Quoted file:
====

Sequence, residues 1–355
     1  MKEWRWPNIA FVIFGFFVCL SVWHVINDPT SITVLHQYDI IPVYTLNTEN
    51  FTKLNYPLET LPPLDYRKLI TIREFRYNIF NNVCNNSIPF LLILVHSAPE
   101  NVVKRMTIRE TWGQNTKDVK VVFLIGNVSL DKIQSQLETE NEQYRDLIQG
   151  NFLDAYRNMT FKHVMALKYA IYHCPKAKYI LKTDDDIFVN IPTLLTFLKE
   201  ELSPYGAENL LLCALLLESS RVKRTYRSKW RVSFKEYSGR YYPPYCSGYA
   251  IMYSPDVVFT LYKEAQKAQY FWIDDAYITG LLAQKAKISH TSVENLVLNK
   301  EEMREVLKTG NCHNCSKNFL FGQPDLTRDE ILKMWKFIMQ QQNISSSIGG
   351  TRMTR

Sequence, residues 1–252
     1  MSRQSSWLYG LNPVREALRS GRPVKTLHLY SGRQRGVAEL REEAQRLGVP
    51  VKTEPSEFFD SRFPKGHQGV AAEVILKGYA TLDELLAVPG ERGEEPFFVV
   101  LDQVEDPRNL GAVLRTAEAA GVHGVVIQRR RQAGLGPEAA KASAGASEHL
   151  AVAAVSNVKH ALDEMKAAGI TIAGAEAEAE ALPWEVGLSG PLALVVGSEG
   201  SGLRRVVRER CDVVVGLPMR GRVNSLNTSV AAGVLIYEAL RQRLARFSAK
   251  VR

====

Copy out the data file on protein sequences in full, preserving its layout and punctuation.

Sequence, residues 1–355
     1  MKEWRWPNIA FVIFGFFVCL SVWHVINDPT SITVLHQYDI IPVYTLNTEN
    51  FTKLNYPLET LPPLDYRKLI TIREFRYNIF NNVCNNSIPF LLILVHSAPE
   101  NVVKRMTIRE TWGQNTKDVK VVFLIGNVSL DKIQSQLETE NEQYRDLIQG
   151  NFLDAYRNMT FKHVMALKYA IYHCPKAKYI LKTDDDIFVN IPTLLTFLKE
   201  ELSPYGAENL LLCALLLESS RVKRTYRSKW RVSFKEYSGR YYPPYCSGYA
   251  IMYSPDVVFT LYKEAQKAQY FWIDDAYITG LLAQKAKISH TSVENLVLNK
   301  EEMREVLKTG NCHNCSKNFL FGQPDLTRDE ILKMWKFIMQ QQNISSSIGG
   351  TRMTR

Sequence, residues 1–252
     1  MSRQSSWLYG LNPVREALRS GRPVKTLHLY SGRQRGVAEL REEAQRLGVP
    51  VKTEPSEFFD SRFPKGHQGV AAEVILKGYA TLDELLAVPG ERGEEPFFVV
   101  LDQVEDPRNL GAVLRTAEAA GVHGVVIQRR RQAGLGPEAA KASAGASEHL
   151  AVAAVSNVKH ALDEMKAAGI TIAGAEAEAE ALPWEVGLSG PLALVVGSEG
   201  SGLRRVVRER CDVVVGLPMR GRVNSLNTSV AAGVLIYEAL RQRLARFSAK
   251  VR